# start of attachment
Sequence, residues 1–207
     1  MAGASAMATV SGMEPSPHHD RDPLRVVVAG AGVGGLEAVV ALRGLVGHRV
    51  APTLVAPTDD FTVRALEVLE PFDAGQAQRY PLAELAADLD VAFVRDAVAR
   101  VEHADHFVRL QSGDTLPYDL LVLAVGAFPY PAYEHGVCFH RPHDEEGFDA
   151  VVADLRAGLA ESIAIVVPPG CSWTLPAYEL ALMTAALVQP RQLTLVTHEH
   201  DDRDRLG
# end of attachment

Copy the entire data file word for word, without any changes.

Sequence, residues 1–207
     1  MAGASAMATV SGMEPSPHHD RDPLRVVVAG AGVGGLEAVV ALRGLVGHRV
    51  APTLVAPTDD FTVRALEVLE PFDAGQAQRY PLAELAADLD VAFVRDAVAR
   101  VEHADHFVRL QSGDTLPYDL LVLAVGAFPY PAYEHGVCFH RPHDEEGFDA
   151  VVADLRAGLA ESIAIVVPPG CSWTLPAYEL ALMTAALVQP RQLTLVTHEH
   201  DDRDRLG